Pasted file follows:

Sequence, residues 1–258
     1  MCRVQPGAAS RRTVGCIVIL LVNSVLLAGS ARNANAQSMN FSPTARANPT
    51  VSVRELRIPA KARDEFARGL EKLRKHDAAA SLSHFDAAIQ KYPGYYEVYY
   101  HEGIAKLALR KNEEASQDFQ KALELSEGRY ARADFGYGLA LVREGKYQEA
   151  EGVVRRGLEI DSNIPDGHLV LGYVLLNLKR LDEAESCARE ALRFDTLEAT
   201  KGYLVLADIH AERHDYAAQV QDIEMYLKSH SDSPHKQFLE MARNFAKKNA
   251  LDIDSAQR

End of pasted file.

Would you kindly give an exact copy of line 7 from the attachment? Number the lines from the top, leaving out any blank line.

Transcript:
   251  LDIDSAQR